Lines v. Saxon

Decision Date25 June 1946
Docket NumberCase Number: 32029
Citation197 Okla. 395,172 P.2d 424,1946 OK 199
CourtOklahoma Supreme Court

¶0 1. AUTOMOBILES - ACTION - Joint personal injury action maintainable against motor carrier and its insurer.

Under the provisions of 47 O.S. 1941 _ 169[47-169], a motor carrier and his liability insurance bondsmen are jointly liable to make compensation for injuries to persons, resulting from the operation of such motor carrier, the liability being created by statute, and such an injury constitutes one cause of action against the joint defendants, and not a separate cause of action against each of them.

2. RELEASE - Release of portion of defendant joint tortfeasors not effective to release others unless so intended.

Acknowledgment by plaintiff of satisfaction against one, or less than all, of two or more defendants sued as joint tortfeasors, will not release the others unless the instrument claimed to be a release shows that it was intended to have such effect, nor where such instrument expressly reserves the right to continue such action against the other defendants.

3. NEGLIGENCE - Each of several tortfeasors responsible for entire result of their concurring negligence causing single injury.

Where, although concert is lacking, the separate and individual acts of several persons combine to produce directly a single injury, each is responsible for the entire result even though the act of one person alone may not be the cause of the injury.

4. SAME - APPEAL AND ERROR - Question of fact for jury under conflicting evidence as to negligence of each defendant as contributing concurrent cause of injury.

In an action for damages against two or more defendants, based upon alleged separate and individual concurring acts of negligence, the question of negligence of each defendant and whether such negligence, if proved, was a contributing concurrent cause of the injury are questions of fact for the jury where the evidence (with respect thereto) is in conflict.

5. DAMAGES - Awards under Workmen's Compensation Act no standard for measuring amount of damages in personal injury case.

The amount of an award under the Workmen's Compensation Act is not a standard by which to measure the amount of damages in a personal injury case.

6. TRIAL - Sufficiency of instructions in their entirety.

Instructions are to be considered in their entirety; no particular paragraph is to be singled out; neither a part nor paragraph will be given consideration to the exclusion of other parts or paragraphs; and where the jury is properly instructed in one paragraph of an instruction, it is unnecessary to repeat in other paragraphs of the instructions.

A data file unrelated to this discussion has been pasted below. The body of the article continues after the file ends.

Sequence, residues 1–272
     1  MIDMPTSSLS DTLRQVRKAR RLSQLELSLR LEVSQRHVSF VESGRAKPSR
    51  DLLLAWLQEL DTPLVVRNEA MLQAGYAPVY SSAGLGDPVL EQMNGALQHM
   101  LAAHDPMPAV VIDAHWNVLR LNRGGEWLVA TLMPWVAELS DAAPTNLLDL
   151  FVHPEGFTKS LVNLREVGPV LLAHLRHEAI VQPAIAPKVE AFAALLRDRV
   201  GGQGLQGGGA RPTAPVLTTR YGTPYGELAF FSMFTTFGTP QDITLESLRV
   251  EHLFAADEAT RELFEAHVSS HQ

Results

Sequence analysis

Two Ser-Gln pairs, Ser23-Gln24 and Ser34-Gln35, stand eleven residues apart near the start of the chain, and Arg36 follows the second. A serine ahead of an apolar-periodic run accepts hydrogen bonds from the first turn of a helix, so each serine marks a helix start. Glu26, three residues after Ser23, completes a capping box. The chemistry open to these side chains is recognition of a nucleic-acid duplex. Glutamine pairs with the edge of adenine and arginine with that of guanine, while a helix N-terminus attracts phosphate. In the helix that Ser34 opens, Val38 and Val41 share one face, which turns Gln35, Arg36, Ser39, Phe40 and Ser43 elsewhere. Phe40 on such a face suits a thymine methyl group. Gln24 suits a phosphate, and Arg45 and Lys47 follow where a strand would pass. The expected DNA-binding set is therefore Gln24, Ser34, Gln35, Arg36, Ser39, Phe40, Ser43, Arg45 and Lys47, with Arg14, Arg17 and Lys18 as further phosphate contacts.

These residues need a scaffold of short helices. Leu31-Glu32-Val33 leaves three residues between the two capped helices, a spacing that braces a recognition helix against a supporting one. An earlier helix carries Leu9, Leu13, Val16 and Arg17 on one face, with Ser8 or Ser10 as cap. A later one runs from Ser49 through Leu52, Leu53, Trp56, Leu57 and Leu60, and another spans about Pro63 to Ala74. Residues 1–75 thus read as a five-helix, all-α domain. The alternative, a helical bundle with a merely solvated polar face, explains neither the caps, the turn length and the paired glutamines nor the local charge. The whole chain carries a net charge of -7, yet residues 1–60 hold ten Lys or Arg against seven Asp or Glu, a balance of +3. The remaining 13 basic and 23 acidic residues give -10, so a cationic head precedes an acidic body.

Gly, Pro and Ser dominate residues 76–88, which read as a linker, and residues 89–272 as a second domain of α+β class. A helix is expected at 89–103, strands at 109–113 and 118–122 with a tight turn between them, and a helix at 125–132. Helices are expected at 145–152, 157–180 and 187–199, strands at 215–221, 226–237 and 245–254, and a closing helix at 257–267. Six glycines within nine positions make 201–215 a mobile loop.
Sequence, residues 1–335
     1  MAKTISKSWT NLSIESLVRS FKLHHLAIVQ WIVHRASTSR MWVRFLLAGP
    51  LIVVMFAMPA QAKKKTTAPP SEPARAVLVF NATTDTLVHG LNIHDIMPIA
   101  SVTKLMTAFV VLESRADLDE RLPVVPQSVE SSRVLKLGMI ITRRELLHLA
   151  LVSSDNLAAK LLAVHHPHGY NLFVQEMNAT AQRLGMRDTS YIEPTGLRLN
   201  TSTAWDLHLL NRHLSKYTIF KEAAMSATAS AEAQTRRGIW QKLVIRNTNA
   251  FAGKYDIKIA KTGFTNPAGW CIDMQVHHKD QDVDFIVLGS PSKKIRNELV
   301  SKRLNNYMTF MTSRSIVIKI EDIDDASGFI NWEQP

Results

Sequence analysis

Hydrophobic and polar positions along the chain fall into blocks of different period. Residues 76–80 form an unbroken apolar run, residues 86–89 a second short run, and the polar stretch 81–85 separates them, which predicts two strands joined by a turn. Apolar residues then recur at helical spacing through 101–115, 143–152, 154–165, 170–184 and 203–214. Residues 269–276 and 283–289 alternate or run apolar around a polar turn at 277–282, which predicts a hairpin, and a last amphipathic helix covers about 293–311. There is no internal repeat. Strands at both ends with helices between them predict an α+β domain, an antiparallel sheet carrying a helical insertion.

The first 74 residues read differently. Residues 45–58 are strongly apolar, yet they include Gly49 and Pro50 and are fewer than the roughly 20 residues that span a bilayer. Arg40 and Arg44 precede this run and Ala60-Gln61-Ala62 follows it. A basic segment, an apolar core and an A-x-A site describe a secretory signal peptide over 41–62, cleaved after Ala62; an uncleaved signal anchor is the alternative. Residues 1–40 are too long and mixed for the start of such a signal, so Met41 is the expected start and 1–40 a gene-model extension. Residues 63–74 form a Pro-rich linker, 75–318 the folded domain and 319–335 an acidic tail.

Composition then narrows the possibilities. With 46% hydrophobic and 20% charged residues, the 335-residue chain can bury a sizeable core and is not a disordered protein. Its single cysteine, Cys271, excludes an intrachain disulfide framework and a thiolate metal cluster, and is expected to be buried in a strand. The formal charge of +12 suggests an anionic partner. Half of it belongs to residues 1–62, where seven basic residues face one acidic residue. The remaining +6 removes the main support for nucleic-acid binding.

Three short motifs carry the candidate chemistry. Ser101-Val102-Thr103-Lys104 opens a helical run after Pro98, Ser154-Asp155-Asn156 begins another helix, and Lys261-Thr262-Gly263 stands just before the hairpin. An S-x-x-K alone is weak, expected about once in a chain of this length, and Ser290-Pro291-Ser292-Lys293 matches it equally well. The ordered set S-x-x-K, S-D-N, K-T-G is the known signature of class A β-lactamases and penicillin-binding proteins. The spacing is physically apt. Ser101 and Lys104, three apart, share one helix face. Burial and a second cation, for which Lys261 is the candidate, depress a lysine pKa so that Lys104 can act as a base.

Appeal from District Court, Oklahoma County; Lewis R. Morris, Judge.

Action by Harry Saxon against All American Bus Lines and others. Judgment for plaintiff, and defendants appeal. Affirmed.

George F. Short, Welcome D. Pierson, and George E. Fisher, all of Oklahoma City, for plaintiffs in error.

A.L. Morrison, of El Reno, and John E. Luttrell and John M. Luttrell, both of Norman, for defendant in error.


¶1 This is an appeal from a judgment in favor of Harry Saxon against plaintiffs in error, All American Bus Lines, American Fidelity & Casualty Company, and Dillard Clyde Jackson, in an action to recover damages for personal injuries.

¶2 The action grew out of a dual collision of motor vehicles operated on a state highway. At approximately 12:15 or 12.30 a.m. May 30, 1943, Harry Saxon, the plaintiff below, was driving a gasoline transport truck-trailer motor vehicle in a northerly direction on U.S. Highway 66, going north from the city of Bristow, Okla. Reva Mae Parkinson, accompanied by her husband, Benjamin LeRoy Parkinson, was driving an Oldsmobile coupe along the same highway in the same direction. She came up behind the truck and at a point about one and one-half miles north of Bristow, attempted to pass the truck on the left side. At approximately the same time a motor passenger bus belonging to defendant All American Bus Lines, being driven by defendant Jackson, approached from the north. When the Parkinson automobile was 15 or 20 feet past plaintiff's truck and before it had returned to the right side of the paved part of the highway, a collision occurred between the bus and the Parkinson automobile. The impact of the bus forced the automobile off the highway. The bus ran across the center of the highway and collided with plaintiff's truck with force that threw plaintiff to the ground, broke an auxiliary gasoline tank on the truck and ignited the gasoline. Plaintiff was burned about his face, neck, and arms, and injured.

¶3 Defendant Bus Lines, a motor carrier of passengers, is required to have a certificate of convenience and necessity and provide liability insurance or bond. 47 O.S. 1941 _ 169[47-169].

¶4 Defendant American Fidelity & Casualty Company was the insurance carrier. Its liability was limited to $5,000 to each person injured as a result of any accident due to the negligence of the carrier.

¶5 Plaintiff sued All American Bus Lines, American Fidelity & Casualty Company, Reva Mae Parkinson, and Dillard Clyde Jackson. Plaintiff sought $50,000 damages and alleged as to defendant Reva Mae Parkinson that she "was negligent and careless in that she operated the said vehicle on the west side of said highway and passed the plaintiff's truck at a time when it was proceeding upgrade and approximately 200 to 300 feet south of the crest of a hill and at a time when the vision of the operator of said Oldsmobile was so obscured by reason of said hill that traffic approaching from the north on the opposite side of the hill could not be seen."